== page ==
At Twickenham, the Wallabies and the English fans celebrated Phillips’ life with a minute of applause.

In the A-League game between Adelaide United and Melbourne Victory, the crowd rose as one at the 63rd minute.

What is it about Phillip Hughes, his career, his passing that captured worldwide attention?

This morning I spoke with Dave O’Neil, the President of Western Suburbs Cricket Club at the time Phillip joined as a boy from the bush, chasing his dream.

He paid tribute to Phillip’s brilliance and his potential – the records he holds and the records he would have set.

Dave also told me something of Phillip’s qualities and his values – and the wonderful family who gave them to him and to whom we offer our heartfelt condolences.

Phillip Hughes had courage, he had resilience, he had an extraordinary work ethic – dropped four times from the Australian side but bouncing back, piling on the runs in the Shield competition.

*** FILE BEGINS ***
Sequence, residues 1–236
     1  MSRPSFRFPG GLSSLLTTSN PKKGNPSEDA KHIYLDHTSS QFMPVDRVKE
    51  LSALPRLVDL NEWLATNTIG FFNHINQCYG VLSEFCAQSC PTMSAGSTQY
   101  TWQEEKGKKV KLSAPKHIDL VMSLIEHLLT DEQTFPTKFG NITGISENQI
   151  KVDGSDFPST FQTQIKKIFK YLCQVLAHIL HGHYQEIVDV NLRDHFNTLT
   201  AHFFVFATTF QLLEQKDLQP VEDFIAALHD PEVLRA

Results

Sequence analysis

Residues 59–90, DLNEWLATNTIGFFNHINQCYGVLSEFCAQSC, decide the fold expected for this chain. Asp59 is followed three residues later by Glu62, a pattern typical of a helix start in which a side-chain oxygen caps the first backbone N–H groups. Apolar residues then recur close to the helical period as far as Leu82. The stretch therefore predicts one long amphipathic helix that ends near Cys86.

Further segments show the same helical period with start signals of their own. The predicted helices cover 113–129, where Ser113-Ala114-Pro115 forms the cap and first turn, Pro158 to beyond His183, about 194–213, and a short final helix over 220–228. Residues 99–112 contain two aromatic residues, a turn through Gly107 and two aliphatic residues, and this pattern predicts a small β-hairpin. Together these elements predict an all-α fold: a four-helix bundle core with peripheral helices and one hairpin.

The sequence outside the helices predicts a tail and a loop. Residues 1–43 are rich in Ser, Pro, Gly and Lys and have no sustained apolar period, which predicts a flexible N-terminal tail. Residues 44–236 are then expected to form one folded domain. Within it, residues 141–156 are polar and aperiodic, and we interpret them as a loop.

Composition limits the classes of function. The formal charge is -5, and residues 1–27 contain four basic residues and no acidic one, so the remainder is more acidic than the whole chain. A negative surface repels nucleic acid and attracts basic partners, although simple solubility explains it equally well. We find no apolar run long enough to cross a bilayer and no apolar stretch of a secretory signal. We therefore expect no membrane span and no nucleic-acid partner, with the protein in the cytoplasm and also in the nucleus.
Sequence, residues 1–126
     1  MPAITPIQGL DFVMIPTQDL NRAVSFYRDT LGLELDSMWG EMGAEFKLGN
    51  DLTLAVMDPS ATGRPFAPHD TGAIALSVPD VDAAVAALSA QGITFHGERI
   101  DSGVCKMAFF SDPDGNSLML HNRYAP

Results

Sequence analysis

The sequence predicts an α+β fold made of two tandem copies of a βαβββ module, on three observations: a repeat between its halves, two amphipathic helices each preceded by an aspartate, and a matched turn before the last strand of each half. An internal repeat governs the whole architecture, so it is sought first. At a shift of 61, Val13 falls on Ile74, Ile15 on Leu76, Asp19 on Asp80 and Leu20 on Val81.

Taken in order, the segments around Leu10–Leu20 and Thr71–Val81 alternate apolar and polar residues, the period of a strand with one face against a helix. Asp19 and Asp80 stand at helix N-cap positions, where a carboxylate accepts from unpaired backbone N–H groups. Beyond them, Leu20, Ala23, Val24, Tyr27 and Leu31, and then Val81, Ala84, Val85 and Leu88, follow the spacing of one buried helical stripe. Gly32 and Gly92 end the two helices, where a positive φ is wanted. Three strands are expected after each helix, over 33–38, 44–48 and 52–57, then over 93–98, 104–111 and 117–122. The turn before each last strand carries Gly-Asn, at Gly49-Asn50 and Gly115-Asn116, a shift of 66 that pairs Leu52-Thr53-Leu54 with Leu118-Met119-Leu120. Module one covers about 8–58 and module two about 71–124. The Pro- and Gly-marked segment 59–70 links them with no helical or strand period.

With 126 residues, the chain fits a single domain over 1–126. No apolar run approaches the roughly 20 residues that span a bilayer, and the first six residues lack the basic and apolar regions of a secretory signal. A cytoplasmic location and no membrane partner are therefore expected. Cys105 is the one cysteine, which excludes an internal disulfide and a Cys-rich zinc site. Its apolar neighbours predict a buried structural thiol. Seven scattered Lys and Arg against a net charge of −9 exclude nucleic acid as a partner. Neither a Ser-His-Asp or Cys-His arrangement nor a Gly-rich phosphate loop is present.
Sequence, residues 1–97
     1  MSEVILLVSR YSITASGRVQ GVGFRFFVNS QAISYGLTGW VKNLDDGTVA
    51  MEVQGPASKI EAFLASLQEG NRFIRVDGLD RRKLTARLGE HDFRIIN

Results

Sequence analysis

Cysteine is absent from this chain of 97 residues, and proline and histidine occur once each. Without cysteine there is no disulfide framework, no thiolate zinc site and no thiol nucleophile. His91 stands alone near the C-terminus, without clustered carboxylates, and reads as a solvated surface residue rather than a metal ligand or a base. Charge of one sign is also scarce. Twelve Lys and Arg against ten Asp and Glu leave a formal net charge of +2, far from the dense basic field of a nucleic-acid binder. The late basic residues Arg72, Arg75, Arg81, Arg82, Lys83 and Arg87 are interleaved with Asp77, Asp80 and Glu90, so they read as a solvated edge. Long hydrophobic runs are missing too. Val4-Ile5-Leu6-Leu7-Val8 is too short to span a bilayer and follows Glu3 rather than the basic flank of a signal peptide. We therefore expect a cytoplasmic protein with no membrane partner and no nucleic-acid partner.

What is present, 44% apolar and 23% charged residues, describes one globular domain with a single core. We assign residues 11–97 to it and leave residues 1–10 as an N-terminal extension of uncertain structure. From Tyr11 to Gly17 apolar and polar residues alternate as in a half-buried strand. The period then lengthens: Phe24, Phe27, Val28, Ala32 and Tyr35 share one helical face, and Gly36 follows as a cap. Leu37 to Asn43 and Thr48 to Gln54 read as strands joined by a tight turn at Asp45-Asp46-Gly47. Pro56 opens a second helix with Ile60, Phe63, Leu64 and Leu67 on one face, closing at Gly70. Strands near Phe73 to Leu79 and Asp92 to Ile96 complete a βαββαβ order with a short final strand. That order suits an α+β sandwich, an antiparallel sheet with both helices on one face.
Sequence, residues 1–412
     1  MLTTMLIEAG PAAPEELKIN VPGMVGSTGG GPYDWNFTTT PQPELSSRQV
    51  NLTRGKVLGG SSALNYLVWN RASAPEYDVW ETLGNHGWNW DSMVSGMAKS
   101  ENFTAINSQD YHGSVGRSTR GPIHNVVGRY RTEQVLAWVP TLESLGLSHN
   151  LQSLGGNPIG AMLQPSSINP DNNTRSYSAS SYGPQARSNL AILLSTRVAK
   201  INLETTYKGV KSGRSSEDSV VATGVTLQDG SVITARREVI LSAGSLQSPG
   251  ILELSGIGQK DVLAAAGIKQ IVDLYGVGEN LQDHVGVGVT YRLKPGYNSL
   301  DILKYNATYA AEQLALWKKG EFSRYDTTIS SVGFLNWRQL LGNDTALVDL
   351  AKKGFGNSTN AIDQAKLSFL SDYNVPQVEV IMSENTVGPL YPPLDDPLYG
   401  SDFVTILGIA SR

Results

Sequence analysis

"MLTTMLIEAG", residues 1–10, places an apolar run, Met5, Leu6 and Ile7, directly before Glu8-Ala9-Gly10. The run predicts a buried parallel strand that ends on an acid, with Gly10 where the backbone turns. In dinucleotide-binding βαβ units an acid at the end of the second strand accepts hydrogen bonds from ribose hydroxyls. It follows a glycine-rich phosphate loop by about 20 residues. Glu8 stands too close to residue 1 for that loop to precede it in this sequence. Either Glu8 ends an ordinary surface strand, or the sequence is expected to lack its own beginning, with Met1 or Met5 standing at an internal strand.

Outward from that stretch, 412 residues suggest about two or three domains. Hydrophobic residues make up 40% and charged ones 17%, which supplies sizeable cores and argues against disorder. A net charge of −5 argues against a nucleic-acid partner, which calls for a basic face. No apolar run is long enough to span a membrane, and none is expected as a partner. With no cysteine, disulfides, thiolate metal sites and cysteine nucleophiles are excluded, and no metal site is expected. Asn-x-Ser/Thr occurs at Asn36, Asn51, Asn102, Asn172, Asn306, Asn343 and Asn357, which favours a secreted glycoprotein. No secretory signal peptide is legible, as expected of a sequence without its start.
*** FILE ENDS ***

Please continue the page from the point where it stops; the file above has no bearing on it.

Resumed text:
A fantastic team man – a quality obvious from the universal reaction of his devastated teammates.

And – perhaps unusually in the ultra-competitive world of ultra-professional modern sport –Phillip was deeply admired and respected by his opponents.

Madam Speaker

In remembering Phillip Hughes, Australia and indeed the world cricket family has been at its generous, compassionate best.

But perhaps for Australian Captain Michael Clarke this has been his finest hour in a very distinguished career.

He has found the words to describe our sadness, to speak for Phillip’s family, for his teammates and for his country.

And we commend Michael for the way he reached out, on behalf of all Australians, to Sean Abbott, offering to pad up and face the first ball that Sean bowls on his return.

Our nation will remember Phillip Hughes not for how he died – but for how he lived, for what he loved.

And perhaps today all of us should remember to tell the people we care for, how much we love them.

Because life is bigger, more precious and more fickle than any game.

May he rest in peace.

ENDS

 

MEDIA CONTACT: LEADER’S OFFICE MEDIA UNIT 02 677 4053